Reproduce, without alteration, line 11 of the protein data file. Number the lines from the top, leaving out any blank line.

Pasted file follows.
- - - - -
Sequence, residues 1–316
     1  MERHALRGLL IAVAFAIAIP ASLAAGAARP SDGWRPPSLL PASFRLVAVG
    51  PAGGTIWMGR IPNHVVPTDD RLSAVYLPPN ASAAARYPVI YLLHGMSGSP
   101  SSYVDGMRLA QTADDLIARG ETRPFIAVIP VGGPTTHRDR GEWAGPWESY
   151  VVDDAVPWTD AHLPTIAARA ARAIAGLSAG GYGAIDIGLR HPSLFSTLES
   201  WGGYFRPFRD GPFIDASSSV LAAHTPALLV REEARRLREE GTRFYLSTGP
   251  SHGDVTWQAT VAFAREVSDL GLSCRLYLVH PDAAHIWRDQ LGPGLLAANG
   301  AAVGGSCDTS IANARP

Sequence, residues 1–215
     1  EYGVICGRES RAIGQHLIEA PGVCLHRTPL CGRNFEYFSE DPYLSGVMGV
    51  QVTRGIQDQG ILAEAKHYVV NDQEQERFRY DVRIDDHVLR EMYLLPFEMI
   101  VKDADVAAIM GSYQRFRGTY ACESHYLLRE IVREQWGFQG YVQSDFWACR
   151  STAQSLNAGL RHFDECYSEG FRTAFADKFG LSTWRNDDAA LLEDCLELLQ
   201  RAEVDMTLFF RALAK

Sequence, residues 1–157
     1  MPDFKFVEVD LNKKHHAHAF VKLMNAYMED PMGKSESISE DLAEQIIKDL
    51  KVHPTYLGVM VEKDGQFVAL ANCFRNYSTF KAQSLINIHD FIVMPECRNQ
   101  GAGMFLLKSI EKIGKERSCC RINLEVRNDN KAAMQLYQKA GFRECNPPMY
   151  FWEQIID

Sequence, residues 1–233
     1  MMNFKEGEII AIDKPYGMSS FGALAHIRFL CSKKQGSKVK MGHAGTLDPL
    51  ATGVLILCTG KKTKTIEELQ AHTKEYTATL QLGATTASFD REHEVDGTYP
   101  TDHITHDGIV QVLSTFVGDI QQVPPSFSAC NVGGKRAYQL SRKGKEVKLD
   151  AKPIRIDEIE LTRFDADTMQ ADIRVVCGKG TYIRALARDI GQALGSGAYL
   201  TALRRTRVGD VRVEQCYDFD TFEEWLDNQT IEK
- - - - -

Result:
    51  QVTRGIQDQG ILAEAKHYVV NDQEQERFRY DVRIDDHVLR EMYLLPFEMI